The rate of side effects (mainly related to gastrointestinal intolerance) was similar in the colchicine and placebo groups (respectively, 8.9% vs 5.0%; p=0.212). The relative lack of side effects seen in this trial could be due to the fact that Imazio and colleagues used a much lower dose of colchicine, around a third of that used in the earlier preliminary Israeli trial, Keren said. In their paper, the Italian researchers say the exact mechanism of colchicine action is not fully understood. Most of the pharmacological effects of the drug on inflammation appear to be related to its capacity to disrupt microtubules, and by this mechanism, colchicine is able to inhibit various leukocyte functions, they note, adding that this effect is likely the most significant for the anti-inflammatory action.
Definition of PPS still problematic
Imazio added that the major limitation of the study relates to the definition of PPS, "because there is no general agreement on how to diagnose the syndrome," with the only published criteria having been proposed in the preliminary study from Israel.
"We adopted the same diagnostic criteria for PPS. They can be criticized and considered weak," he and his colleagues state in the paper. "Nevertheless, they represent the first attempt to have an objective approach to the diagnosis."
Massimo Imazio M, Trinchero R, Brucato A, et al. Colchicine for the Prevention of the Post-pericardiotomy Syndrome (COPPS): A multicentre, randomized, double-blind, placebo-controlled trial. Eur Heart J 2010; DOI:10.1093/eurheartj/ehq319. Available at: http://eurheartj.oxfordjournals.org.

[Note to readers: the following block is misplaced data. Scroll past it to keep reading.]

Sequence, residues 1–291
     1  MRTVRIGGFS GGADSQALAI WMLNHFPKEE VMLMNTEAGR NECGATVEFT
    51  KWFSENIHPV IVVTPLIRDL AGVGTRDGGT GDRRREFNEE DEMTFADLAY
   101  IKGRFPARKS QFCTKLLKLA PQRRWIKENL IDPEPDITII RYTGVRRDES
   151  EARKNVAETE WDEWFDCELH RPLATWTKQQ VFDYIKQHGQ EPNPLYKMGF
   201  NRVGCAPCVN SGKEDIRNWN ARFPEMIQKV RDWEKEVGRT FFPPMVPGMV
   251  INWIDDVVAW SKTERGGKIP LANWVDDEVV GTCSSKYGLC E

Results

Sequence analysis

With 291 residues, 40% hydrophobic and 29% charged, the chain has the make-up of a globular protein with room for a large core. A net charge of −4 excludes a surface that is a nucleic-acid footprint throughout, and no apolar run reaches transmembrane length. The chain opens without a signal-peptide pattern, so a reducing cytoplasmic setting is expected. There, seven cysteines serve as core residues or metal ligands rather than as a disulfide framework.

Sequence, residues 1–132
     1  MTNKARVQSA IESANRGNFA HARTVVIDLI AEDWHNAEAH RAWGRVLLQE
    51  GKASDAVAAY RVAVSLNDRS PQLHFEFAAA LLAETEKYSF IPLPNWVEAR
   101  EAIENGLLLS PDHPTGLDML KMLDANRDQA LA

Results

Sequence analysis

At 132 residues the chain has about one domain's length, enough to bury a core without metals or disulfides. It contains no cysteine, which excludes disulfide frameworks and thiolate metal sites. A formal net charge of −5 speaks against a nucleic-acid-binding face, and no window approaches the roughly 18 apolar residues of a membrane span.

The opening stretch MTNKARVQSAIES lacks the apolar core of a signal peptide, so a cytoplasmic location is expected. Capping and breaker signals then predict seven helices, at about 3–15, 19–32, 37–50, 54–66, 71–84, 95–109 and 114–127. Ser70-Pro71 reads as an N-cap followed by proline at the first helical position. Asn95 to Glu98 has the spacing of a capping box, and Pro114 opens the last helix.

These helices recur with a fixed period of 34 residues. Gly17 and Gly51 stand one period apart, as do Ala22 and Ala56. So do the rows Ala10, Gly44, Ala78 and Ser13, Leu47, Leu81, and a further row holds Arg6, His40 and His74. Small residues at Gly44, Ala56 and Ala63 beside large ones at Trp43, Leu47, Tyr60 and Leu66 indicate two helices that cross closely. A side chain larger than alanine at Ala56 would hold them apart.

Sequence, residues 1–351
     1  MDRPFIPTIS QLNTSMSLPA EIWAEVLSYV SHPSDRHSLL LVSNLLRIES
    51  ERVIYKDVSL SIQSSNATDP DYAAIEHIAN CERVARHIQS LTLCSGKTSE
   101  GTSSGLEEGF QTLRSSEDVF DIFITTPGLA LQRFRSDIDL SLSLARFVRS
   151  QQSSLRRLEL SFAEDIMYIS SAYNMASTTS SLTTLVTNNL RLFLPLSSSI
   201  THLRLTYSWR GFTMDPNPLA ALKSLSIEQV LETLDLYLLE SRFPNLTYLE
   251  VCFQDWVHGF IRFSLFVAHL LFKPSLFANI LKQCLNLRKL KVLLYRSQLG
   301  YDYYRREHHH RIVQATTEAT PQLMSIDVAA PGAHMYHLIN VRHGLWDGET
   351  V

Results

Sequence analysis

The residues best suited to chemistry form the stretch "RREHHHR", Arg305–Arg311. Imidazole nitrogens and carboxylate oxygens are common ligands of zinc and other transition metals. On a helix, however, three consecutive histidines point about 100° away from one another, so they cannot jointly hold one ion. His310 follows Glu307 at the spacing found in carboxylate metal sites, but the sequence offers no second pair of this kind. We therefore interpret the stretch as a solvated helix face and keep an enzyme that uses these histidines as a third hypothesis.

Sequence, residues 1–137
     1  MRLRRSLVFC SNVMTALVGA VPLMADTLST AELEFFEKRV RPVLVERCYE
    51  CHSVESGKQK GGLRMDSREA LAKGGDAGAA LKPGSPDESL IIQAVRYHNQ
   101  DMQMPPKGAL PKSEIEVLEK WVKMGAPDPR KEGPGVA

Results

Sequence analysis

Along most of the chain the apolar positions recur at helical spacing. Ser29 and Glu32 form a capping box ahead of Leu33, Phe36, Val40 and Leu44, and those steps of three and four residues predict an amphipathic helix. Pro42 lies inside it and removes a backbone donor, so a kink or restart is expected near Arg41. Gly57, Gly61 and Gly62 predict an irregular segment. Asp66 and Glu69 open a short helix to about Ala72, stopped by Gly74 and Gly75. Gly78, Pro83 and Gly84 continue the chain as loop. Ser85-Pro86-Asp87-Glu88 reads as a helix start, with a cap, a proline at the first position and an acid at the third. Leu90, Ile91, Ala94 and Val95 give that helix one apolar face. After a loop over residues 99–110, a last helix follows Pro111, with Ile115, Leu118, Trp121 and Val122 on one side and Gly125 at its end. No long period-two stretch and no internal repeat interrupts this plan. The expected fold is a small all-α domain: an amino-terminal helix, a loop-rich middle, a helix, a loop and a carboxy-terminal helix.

Postado por Fábio Soares às 16:13
sábado, 19 de março de 2011
Há exatos alguns minutos atrás estávamos discutindo um caso na UTI. Tratava-se de uma paciente feminina, 56 anos, com passado de trova valvar mitral há 18 anos (3 trocas prévias por por disfunção), evoluindo há 30 dias com dispnéia aos esforços. Quando do início dos sintomas, realizou ECO transtorácico que evidenciou prótese mecânica normofuncionante (gradiente médio AE/VE 6mmHg e PSAP estimada em 30mmHg). Os sintomas agravaram-se, sendo admitida na UTI há 48h com franca insuficiência respiratória devido a edema agudo de pulmão. Realizou ecocardiograma transtorácico e transesofágico que evidenciou disfunção de prótese, com restrição da mobilidade de um de seus folhetos, com diferença de velocidade na abertura dos discos, determinando gradiente AE/VE máximo 34mmHg e médio 16mmHg, com PSAP estimada em 90mmHg. Não foram visuaizados trombos. A paciente encontra-se em VM, em uso de baixas drogas de vasoativas, com edema agudo de pulmão refratário. O que fazer? Este foi o motivo de muita discussão entre Ecocardiografistas, Cardiologistas clínicos e Cirurgião Cardiovascular.
Pontos a lembrar
- Idade 56 anos
- Fibrilação atrial permanente
- HP grave
- 4 cirurgias prévias para troca de próteses em posição mitral
- Edema agudo de pulmão refratário /IC CF IV
- TP fora da faixa terapêutica
- Ecocardiograma há 30 dias, sem evidências de disfunção de prótese
O que fazer? Trombolítico? Cirurgia Cardíaca?
Conforme a literatura...
The Thrombosed Prosthetic Valve Current Recommendations Based on Evidence From the LiteratureJoseph S. Alpert, MD, FACC